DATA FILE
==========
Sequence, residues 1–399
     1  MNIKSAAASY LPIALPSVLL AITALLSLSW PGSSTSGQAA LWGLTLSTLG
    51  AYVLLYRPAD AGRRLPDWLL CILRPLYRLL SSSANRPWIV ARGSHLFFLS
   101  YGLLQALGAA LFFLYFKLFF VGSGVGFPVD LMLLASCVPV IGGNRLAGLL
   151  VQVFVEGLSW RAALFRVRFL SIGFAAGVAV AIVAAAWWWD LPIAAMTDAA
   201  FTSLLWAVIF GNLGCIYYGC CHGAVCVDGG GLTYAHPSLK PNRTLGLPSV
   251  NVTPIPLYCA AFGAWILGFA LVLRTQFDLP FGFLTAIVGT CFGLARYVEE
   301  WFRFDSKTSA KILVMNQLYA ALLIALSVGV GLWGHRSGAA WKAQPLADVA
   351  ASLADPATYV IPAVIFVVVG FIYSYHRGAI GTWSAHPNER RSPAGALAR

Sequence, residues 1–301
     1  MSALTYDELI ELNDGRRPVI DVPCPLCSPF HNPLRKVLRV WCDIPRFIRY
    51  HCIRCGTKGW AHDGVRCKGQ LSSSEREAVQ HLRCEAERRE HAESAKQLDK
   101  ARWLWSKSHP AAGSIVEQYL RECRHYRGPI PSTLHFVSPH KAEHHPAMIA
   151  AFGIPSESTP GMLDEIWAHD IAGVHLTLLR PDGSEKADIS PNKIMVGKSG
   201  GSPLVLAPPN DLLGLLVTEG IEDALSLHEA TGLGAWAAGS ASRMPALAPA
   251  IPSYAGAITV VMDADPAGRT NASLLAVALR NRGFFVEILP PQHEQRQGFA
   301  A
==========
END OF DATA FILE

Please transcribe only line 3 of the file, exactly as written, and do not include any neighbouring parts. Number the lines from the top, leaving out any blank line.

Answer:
    51  AYVLLYRPAD AGRRLPDWLL CILRPLYRLL SSSANRPWIV ARGSHLFFLS